It is contemplated that the fuel elements 21 will have a hexagonal outline throughout the greater' portions of their lengths so as to tit together tightly. As shown in Figs. 7 and 8, each fuel element has at its upper end a rod 47 which has an enlarged conical head 48 provided with a transverse slot 49 and an enlarged round collar or shoulder 50 spaced from the head 48 and from the main or body portion of the fuel element. A region 50a of the rod 47 above the collar 50 is circular in cross section, and a region 50b below the collar is oblong in cross section.
The novel gripping mechanism h20 comprises a pair of pivoted jaws 51 for engaging the underside of the head 48, a cage 52 for guiding the head 48, a collar 53 supporting the jaws 51 and cage 52, a release member 54 for the jaws 51, and a sensing element 55 for detecting the presence of the fuel-element head 48 in the gripping mechanism 20.
As shown in Fig. 9, the collar 53 has depending ears 56, near the lower ends of which the cage 52 is secured by means of projections 57 thereon extending into openings 58 in the ears 56 and secured against rotation thereto. The cage 52 has at the level of the projections 57 an internal transverse locating element 59 which is adapted to engage the slot 49 in the fuel-element head 48. The cage 52 also has at the level of the locating element 59 an internal conical surface 60 engageable with the head 48, an internal cylindrical surface 6l, and a conical skirt 62. The cage 52 has at the region of the cylindrical surface 61 opposed slots 63 through which the ends of the jaws 51 can project to engage the head 48.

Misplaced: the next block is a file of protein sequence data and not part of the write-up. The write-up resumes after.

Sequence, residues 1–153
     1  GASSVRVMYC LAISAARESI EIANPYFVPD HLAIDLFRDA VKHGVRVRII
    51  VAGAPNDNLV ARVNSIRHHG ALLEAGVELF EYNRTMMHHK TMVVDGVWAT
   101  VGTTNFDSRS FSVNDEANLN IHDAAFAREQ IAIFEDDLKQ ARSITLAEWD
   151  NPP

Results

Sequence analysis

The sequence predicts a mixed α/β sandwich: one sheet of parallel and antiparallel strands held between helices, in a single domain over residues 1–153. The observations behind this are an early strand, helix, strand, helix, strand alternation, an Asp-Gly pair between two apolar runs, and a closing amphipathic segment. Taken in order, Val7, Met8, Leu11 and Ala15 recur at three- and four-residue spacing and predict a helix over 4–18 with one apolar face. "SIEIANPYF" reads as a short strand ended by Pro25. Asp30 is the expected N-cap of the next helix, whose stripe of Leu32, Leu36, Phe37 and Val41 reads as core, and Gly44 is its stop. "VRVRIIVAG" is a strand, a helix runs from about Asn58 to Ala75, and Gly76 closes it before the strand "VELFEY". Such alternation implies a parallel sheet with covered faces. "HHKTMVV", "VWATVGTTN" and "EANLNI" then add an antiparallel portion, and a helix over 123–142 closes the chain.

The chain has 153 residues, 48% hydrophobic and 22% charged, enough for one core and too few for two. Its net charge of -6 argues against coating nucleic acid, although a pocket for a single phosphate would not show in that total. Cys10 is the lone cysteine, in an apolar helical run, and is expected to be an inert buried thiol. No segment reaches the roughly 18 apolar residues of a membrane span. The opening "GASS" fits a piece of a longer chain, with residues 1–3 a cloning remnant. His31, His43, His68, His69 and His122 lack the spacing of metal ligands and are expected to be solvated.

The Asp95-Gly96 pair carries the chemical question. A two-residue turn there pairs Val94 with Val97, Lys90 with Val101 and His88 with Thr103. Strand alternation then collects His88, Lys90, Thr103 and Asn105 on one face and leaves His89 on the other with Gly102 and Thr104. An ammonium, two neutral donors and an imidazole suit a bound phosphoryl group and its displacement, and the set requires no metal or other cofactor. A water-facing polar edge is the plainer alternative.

The jaws 51 are pivotally supported on the ears 56 of the collar 53 by means of a pin 64 which extends into the ears 56 above the cage 52. As shown in Fig. 1l, each jaw has spaced portions 65 with which the sensing element 55 and the portions 65 of the other jaw 51 tit between the ears 56 of the collar 53 so that the jaws 51 are held against movement along the pin 64. Downward movement of the sensing element 55 is limited to the position of Fig. by engagement of the pin 64 with the upper end of a relatively wide slot 66 in the sensing element 55. Upward movement of the sensing element 55 is limited to the position of Fig. 8 by engagement of the pin 64 with the lower end of the relatively wide slot 66, which opens into a relatively narrow slot 67 which is narrower than the relatively wide slot 65 but is of a size to pass the locating element 59 of the cage 52. The narrow slot 67 has an open flaring lower end so that the sensing element 55 is enabled to engage the conical head 48 of the fuel element 21 in the manner shown in Fig. 8.